Location- Side of trail
Elevation- 7,749 ft
Distance Traveled Today- 13.4 miles
Distance Traveled Total- 190.5
Weather/Temp- rainy, foggy, snowy 30s
Injuries- object stuck in leg
Pain level- low
Days without shower- 1
I woke up early this morning to freezing fog and rain. If experience has taught me anything over the years, it’s: you don’t hike out in freezing rain at 7 am, when checkout time for your room is 11. We rode that checkout time all the way to the last minute. Unfortunately, it was still cold, foggy, windy, and rainy, although the rain had slowed considerably to more of a heavy mist.
We caught a ride back to the trail head in a pickup truck; I sat in the back bed with Katana.
The steepness of the climb wasn’t bad at all, but the endless switch backs really dragged the climb out.
Snow and ice were on the ground and trees, becoming more plentiful as we climbed higher and higher. Seven thousand, eight thousand, then over 9 thousand feet before the trail leveled off. This was the highest altitude I’d ever hiked at before. My legs felt three times heavier than usual, and I felt a little bit of a sinus headache for nearly an hour until it subsided and I felt normal again.
The trees growing at these altitudes were enormous and seemingly deformed. Many of the pines didn’t grow into their typical streamlined cone shape. Instead they’d go up, then abruptly stop, looking like someone had chopped them half way up. At these stunted tops, the main bough of the tree would split into multiple branches that fanned out, or drooped back towards the earth. It was a strange sight.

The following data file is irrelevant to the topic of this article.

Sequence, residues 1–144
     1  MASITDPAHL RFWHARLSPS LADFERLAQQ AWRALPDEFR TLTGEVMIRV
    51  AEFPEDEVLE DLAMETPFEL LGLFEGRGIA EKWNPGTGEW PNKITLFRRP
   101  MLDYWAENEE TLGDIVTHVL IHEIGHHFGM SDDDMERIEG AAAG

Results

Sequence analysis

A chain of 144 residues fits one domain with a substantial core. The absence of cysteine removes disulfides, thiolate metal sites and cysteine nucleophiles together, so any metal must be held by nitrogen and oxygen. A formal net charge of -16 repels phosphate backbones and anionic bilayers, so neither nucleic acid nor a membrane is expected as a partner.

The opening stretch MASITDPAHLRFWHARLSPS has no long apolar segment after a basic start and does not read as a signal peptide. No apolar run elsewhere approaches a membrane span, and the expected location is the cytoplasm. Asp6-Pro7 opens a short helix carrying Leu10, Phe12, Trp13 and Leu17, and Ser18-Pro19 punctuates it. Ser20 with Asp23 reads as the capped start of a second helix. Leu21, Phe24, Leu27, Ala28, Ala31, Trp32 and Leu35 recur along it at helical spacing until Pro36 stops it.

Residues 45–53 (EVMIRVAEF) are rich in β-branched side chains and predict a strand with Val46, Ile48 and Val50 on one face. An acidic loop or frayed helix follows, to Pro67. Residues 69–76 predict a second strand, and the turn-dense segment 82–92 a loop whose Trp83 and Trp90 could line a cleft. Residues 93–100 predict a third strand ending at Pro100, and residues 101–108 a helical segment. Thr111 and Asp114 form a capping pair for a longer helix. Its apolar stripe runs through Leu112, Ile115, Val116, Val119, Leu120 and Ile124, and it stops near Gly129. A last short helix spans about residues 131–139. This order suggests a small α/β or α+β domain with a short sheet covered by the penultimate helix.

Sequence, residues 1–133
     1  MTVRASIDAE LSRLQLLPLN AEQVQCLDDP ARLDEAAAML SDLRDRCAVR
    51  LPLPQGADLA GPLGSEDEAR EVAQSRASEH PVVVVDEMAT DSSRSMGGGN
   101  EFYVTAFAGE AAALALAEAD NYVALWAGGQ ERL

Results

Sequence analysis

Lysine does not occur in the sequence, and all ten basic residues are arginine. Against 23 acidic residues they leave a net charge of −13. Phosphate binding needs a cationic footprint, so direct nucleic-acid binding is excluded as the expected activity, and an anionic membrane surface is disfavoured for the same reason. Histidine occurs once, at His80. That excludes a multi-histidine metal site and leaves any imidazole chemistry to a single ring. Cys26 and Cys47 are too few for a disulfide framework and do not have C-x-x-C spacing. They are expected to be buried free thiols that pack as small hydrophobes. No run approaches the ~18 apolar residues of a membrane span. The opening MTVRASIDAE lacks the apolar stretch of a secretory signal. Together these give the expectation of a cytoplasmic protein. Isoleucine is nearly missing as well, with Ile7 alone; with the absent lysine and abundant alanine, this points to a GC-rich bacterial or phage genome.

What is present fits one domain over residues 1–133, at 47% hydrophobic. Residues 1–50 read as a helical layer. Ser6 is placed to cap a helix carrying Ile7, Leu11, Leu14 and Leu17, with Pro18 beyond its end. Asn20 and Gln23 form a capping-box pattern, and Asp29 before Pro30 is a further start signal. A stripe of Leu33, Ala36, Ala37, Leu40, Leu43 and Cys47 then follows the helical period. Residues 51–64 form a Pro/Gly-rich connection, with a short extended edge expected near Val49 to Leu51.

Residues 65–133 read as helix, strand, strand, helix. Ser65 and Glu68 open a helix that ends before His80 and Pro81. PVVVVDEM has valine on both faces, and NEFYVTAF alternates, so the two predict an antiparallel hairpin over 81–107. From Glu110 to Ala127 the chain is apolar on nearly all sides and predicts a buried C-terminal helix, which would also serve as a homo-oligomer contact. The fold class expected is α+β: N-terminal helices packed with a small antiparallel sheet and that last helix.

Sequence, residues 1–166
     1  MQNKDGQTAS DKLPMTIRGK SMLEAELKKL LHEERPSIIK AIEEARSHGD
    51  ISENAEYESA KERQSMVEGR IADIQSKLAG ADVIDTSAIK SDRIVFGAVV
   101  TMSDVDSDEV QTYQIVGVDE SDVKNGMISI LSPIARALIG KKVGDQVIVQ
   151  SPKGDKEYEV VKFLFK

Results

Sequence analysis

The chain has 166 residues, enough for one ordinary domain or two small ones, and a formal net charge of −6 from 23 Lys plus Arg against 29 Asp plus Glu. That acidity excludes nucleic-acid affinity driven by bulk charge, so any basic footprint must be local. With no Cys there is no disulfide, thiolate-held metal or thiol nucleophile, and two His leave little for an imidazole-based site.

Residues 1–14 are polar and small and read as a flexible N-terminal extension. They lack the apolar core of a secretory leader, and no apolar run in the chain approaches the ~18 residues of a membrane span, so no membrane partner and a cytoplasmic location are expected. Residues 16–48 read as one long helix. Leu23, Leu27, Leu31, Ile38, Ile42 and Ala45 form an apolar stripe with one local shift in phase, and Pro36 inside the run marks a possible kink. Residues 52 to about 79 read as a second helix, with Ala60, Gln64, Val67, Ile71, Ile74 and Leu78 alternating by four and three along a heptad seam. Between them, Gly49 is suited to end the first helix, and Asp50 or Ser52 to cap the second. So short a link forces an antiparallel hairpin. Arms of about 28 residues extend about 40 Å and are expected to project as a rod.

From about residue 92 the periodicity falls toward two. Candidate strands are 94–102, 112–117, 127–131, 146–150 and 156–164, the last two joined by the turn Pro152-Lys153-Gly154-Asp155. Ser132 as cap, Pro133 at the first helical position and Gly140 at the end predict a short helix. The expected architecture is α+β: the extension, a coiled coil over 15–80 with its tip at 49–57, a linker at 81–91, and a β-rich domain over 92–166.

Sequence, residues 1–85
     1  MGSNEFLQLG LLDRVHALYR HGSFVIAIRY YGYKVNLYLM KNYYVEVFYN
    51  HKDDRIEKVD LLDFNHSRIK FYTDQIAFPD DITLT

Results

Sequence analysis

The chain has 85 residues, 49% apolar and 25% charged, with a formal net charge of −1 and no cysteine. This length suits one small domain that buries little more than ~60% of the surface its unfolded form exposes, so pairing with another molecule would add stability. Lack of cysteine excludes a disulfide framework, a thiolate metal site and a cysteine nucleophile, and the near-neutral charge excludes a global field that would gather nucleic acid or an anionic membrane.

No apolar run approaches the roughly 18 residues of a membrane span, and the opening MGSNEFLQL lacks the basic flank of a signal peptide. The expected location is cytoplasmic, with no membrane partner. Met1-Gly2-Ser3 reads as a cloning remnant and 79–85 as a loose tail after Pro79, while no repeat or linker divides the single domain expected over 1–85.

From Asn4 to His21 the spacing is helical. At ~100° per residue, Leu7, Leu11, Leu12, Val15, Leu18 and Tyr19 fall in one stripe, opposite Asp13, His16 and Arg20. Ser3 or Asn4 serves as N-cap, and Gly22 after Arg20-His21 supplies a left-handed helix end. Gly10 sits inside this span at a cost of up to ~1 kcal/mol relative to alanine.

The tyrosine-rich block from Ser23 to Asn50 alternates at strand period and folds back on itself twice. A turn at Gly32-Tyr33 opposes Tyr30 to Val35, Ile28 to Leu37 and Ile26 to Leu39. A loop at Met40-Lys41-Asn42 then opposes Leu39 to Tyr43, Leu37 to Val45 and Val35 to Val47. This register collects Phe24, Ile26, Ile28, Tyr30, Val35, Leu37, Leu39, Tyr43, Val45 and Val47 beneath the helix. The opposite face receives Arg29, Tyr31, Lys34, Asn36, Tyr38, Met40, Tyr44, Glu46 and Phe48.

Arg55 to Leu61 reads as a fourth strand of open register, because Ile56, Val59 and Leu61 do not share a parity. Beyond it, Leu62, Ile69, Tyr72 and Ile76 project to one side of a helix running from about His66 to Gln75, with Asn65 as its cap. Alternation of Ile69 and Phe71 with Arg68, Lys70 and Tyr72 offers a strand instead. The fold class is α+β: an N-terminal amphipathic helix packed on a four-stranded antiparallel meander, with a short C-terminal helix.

The entire day was spent walking amongst these enormous trees and equally enormous boulders. Snow and ice were everywhere, with some of the snow packs covering the trail. Some were 3 to 4 feet high, but hard enough to walk on without trouble, granted you didn’t slip.
Katana was once again in her element. She always seems to be at her best when the weather is cold, snowy, and icy. I kept her on leash for the majority of the day, and she was so energetic that she was pulling me down the trail many times when I was picking my way carefully over the ice.
We were stuck in the clouds and fog for most of the day, so we didn’t get many views. Despite the lack of visibility, the terrain alone was breathtaking. I’ve never seen anything like it before in my life.
Hollywood hiked out earlier than us this morning, so we didn’t catch him until close to 7pm near a dirt road. We found him with a bloodied and bandaged leg. Earlier in the day he had slipped and fell in a stick. The end of the stick had caught the bottom of his shin, then sliced up as he fell down, leaving a ten inch gash and flap of skin. He had his family friends pick him up at the dirt road and take him back to town to assess his injury.
I have no clue what’s going to happen to him, or if he’ll stay on, or get off trail. I gave him a little pep talk before he left, and he assured me he would get back on after getting medical attention.
We’re camped at nearly 8000 feet, and my fingers freeze fairly quickly when not gloved, or out of my sleeping bag; even while writing this.
I’ve noticed an interesting contrast between the AT and the PCT. At the end of every day on the AT, everything hurt. The thought of moving quickly, doing anything high impact, or even walking down stairs, was enough to make me cringe at the end of the day on the AT. Out here on the PCT, I feel like I’m getting stronger. I can jump around and move quickly at the end of the day with zero pain.
I’ve come to the conclusion that both trails make you stronger, but in different ways. The AT breaks you and beats you down. You get stronger in the sense that you become tougher learning to handle the pain and suffering with a smile . Everything hurts, but you’re better and stronger for it. On the PCT, you’re simply becoming physically stronger. The terrain doesn’t offer as much resistance, so the opportunity to become stronger without the added pain and damage to your body is much higher.
Both trails make you better, but I believe the AT gives you more of the mental edge when it comes to dealing with pain; while the PCT gives you more of a physical endurance edge. At least that’s how I’m interpreting it for now…
Go to my book, “Racing Winter on the Pacific Crest Trail”